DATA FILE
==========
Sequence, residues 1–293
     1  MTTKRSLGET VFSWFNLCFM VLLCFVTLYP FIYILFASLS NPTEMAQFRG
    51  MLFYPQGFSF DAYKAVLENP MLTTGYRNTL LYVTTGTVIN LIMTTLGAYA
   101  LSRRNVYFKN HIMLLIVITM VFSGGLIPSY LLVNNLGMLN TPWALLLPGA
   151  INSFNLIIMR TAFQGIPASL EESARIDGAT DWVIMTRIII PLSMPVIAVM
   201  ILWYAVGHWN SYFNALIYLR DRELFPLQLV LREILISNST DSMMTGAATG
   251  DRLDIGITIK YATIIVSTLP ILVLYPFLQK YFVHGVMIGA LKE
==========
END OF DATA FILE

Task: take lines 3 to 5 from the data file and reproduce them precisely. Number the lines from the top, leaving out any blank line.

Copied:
    51  MLFYPQGFSF DAYKAVLENP MLTTGYRNTL LYVTTGTVIN LIMTTLGAYA
   101  LSRRNVYFKN HIMLLIVITM VFSGGLIPSY LLVNNLGMLN TPWALLLPGA
   151  INSFNLIIMR TAFQGIPASL EESARIDGAT DWVIMTRIII PLSMPVIAVM